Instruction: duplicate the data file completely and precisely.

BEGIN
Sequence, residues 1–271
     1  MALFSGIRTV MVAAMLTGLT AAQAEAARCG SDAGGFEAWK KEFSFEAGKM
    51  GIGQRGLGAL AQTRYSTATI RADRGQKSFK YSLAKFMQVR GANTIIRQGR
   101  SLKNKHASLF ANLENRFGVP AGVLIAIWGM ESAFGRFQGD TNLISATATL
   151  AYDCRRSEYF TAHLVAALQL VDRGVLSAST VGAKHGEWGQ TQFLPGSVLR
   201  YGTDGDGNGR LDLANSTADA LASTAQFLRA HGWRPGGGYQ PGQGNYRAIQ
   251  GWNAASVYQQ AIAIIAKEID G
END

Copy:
Sequence, residues 1–271
     1  MALFSGIRTV MVAAMLTGLT AAQAEAARCG SDAGGFEAWK KEFSFEAGKM
    51  GIGQRGLGAL AQTRYSTATI RADRGQKSFK YSLAKFMQVR GANTIIRQGR
   101  SLKNKHASLF ANLENRFGVP AGVLIAIWGM ESAFGRFQGD TNLISATATL
   151  AYDCRRSEYF TAHLVAALQL VDRGVLSAST VGAKHGEWGQ TQFLPGSVLR
   201  YGTDGDGNGR LDLANSTADA LASTAQFLRA HGWRPGGGYQ PGQGNYRAIQ
   251  GWNAASVYQQ AIAIIAKEID G